Thursday, September 2, 2010

Promo Hecticness – An evening with The Backstreet Boys

September 1st, 2010 - Written by Angel –
bsb4There are certain perks that come with doing what we do here at CONFRONT Magazine: going to see tons of great concerts, meeting high profile people, working in our chosen fields – be it journalism, administration or photography.  And once in a while, we are lucky enough to have some of our dreams come true.  For me, this has happened twice, the first being on the day of my 29th birthday when I got to interview 30 Seconds to Mars front man, Jared Leto, but that’s a story for another time.

I’m sure you’ll agree with me that incidents of dreams coming true don’t occur on a regular basis. So you can imagine my surprise when our friends at Evenko sent me an e-mail confirming that our interview request with the ultimate boyband, The Backstreet boys, had been approved.

BSB5I knew at a really young age that I wanted to be a writer.  At first I wanted to be a novelist, an art form I still dabble in in my spare time, but it was when I signed up for the school newspaper as part of my extra-curricular activities, that I quickly fell in love with Journalism and focused on becoming a reporter.
During an exercise in my journalism class in college, we were asked to put together a Q&A package for a celebrity we would like to interview and without having to think too hard, I picked The Backstreet Boys.  I don’t remember exactly what it is I had put together, however I do remember thinking that if I ever got to ask them those questions, it would mean that I had made it as an entertainment reporter.

Now not only an entertainment journalist but also the editor of a magazine, you’d expect that I would have taken the news of our approval calmly and with grace, but you’d be wrong.  Suddenly, I was 18 years old again and jumping around my living room, dancing to Backstreet’s Back in my head.  You can imagine my reaction when we were also granted special access to the band’s interview sessions of that day, being permitted to sit in while Nick, AJ, Brian and Howie did interviews with big television media, so that we could experience what it is the group goes through on a daily basis to promote themselves, their latest album, This Is Us, and their tour.

CONFRONT photographer, Christine, and I arrived at the venue at around 6pm and were immediately escorted to a suite backstage where interviews were being held.  As we walked through the concrete belly of the massive structure that is the Bell Centre, the anticipation was palpable for both of us and the energy seemed kinetic.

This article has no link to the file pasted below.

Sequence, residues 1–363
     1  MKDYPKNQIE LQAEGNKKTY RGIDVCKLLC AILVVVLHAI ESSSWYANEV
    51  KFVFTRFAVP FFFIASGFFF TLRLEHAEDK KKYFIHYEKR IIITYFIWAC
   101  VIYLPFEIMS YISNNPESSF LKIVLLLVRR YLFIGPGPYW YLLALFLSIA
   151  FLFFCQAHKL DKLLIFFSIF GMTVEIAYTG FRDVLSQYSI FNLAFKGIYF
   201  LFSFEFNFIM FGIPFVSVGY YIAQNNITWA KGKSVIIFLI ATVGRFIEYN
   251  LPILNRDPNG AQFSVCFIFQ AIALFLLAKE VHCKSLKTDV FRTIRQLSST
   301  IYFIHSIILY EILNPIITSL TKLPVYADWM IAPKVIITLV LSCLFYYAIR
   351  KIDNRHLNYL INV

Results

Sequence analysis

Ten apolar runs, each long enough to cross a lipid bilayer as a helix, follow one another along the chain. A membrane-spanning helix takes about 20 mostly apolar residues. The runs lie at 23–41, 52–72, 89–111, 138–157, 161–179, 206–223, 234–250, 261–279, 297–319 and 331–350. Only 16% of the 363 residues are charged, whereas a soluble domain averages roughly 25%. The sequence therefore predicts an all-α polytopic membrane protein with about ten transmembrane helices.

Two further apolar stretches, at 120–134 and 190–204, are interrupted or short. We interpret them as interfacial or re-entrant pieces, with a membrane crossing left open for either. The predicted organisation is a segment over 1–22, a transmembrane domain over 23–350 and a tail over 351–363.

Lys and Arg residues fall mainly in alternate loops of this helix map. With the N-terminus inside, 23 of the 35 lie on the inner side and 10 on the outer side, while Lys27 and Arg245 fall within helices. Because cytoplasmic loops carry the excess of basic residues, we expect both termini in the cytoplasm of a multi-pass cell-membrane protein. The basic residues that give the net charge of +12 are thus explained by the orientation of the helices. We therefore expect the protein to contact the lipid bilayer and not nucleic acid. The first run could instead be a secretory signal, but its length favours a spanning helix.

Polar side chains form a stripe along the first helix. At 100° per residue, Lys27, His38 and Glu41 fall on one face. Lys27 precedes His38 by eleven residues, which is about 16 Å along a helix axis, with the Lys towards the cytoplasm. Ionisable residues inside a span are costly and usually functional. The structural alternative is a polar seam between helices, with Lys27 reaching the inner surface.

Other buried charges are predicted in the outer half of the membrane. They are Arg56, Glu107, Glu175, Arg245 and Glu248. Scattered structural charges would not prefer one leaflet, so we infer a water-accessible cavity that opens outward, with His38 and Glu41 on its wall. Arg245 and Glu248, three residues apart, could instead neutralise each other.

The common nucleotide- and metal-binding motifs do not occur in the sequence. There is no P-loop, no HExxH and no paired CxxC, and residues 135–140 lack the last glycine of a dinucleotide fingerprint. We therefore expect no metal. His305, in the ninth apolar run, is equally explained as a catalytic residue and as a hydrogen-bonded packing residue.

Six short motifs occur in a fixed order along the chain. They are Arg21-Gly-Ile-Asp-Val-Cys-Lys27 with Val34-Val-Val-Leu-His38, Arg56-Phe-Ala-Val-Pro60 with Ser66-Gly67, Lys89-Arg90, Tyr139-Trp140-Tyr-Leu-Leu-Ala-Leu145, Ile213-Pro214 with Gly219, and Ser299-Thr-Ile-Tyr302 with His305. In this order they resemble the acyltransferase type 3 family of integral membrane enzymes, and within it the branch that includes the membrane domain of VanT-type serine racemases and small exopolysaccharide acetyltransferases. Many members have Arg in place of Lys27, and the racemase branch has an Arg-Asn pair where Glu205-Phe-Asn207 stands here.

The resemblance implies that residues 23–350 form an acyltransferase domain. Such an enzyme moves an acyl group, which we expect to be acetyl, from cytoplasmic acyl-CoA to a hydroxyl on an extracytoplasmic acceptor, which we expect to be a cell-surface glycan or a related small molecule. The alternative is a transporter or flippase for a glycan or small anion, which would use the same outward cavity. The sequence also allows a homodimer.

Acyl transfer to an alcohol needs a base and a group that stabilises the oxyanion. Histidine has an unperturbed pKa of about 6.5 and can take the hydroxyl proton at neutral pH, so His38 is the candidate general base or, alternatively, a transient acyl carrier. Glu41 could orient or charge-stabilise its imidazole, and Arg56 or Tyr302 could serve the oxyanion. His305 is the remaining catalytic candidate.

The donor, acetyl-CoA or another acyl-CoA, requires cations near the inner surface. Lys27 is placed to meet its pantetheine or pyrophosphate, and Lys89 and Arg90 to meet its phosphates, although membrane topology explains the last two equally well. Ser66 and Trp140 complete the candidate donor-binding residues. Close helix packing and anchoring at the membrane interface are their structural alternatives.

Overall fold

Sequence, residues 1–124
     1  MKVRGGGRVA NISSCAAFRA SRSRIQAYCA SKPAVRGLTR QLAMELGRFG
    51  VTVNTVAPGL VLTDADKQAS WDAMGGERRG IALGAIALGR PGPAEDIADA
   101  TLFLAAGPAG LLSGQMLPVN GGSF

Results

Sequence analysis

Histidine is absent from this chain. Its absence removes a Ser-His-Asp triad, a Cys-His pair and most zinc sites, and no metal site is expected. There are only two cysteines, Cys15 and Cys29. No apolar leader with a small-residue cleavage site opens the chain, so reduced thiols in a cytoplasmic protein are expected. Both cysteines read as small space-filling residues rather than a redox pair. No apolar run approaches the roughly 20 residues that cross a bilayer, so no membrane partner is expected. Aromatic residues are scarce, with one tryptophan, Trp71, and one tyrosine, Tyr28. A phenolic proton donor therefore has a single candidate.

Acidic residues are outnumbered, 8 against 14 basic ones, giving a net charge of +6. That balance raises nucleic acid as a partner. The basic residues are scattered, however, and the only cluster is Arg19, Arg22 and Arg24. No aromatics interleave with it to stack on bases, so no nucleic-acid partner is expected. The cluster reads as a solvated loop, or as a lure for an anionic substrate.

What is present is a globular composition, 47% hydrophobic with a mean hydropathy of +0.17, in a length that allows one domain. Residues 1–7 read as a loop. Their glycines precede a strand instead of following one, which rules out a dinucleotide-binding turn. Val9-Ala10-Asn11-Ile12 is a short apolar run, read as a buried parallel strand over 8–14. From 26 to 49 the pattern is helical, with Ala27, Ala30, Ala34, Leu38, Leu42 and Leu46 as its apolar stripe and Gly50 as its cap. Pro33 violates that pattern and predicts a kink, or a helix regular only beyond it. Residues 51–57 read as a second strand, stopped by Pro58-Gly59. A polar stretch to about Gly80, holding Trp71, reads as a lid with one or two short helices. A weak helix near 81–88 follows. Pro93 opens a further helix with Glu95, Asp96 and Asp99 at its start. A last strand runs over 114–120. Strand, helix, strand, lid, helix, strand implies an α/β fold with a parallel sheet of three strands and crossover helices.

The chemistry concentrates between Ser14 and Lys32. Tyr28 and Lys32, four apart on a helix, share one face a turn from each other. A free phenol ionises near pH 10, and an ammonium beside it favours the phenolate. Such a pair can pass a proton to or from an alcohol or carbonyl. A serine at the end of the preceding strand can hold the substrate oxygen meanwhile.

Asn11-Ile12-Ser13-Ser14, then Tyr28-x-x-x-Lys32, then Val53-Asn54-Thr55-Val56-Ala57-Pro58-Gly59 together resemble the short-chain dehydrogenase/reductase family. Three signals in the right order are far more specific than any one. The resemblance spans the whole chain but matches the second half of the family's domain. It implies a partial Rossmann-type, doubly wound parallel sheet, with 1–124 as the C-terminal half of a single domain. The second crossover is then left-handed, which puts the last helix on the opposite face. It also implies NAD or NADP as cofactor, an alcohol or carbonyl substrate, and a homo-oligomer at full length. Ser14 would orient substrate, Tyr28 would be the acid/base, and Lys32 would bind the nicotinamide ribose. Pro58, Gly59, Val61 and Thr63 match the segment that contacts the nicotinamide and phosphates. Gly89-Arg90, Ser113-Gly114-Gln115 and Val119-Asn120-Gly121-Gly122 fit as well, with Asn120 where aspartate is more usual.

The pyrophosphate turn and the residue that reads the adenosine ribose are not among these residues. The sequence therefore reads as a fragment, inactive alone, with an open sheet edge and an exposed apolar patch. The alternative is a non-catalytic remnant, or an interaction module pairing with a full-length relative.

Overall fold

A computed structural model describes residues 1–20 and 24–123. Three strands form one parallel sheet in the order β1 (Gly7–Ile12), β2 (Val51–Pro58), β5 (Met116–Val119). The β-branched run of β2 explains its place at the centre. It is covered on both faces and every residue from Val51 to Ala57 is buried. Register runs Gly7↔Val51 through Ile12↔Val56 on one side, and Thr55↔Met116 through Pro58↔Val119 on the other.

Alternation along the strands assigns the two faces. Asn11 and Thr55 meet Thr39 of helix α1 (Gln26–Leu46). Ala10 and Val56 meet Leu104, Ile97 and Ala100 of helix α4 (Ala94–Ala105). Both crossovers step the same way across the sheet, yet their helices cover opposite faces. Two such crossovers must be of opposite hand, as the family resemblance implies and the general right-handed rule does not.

AJThe boys’ first interview of the evening was with Sonia Benezra, a familiar face to the band members as well as anyone from Quebec who is a BSB fan.
We were asked to sit on the perimeter of the room, away from the video cameras, the camera men, the sound engineers and the other production staff and entourage so as not to disturb as Sonia prepared herself for the band’s arrival.  One by one, they were escorted onto the makeshift set where they reconnected with Sonia for the first time in a few years; moments that were captured on camera.  The ease with which the conversation unfolded was obvious and although their time was cut short because of a busy schedule, it was evident that they were enjoying each other’s company.

Once Sonia’s interview came to an end and the necessary pictures were taken, Brian and Howie headed off to another suite for an eTalk Daily interview while Nick and AJ stayed for an interview with Tatiana, a new MusiquePlus VJ who like us, was a Backstreet Boys fan.  Though the dynamic had changed in a matter of minutes, the two boys didn’t seem fazed and immediately adapted to the new interviewer; a transformation that was quite impressive to watch given how seamless it was.  Beyond the elation of simply being permitted to attend the session, I remember being impressed by the ease with which they handled all the craziness around them.  The commotion of people rushing around seemed to bounce right off them.

Finally, roughly 90 minutes after we had set foot in the venue, it was our turn.  To not be disturbed by the MusiquePlus crew who were sorting out their equipment, we headed into the hallway with Nick and AJ.
“Angel, CONFRONT Magazine.  Nice to meet you.”  I said to each of them with fake assurance, offering a shaky hand that they shook even harder, pretending to ignore the wobble of my voice.
“Hi. AJ”, “Nick!  Nice to meet you too.” they said staccato and I almost laughed thinking “YEAH I KNOW!”
Because our time was limited and we had just sat through two interviews on the matter, we skipped the standard questions about the latest album and instead decided to focus on a more ‘Then and Now’ aspect.  Who better to talk about this with than Nick and AJ who are the ones to have experienced the most changes throughout the band’s life; Nick being 16 the first time they stopped in Montreal and now being 30 and AJ being 18 back then and 32 now.

bsb1To break the ice, I opened by asking them what they thought was the biggest difference between their experiences in Montreal currently and Montreal back in the mid to late 90s when they first started touring here.
“I think that with regard to Montreal, our fans are… well you know things are going to change over time but our fans are older.  Things are a little less fanatical than it was back in the Millennium days.” AJ said, referring to the insanity of Backstreet Mania, a phenomenon I addressed in our promo article a few weeks ago.  “They’re still screaming and still crazy but they are older with a bit of new found respect.  I mean they’ve grown up with us.”

When Backstreet Mania exploded in 1996, the fans weren’t the only ones going a little gaga over the band, their self-titled debut album going 10X Platinum on the Canadian charts and every radio station was blasting hits like We’ve Got It Goin’ On, Get Down and I’ll Never Break Your Heart, seemingly on repeat.  Fast forward just short of a decade and a half and with exception for a few radio plays here and there, BSB’s latest album, This Is Us, isn’t being quite as mediatised.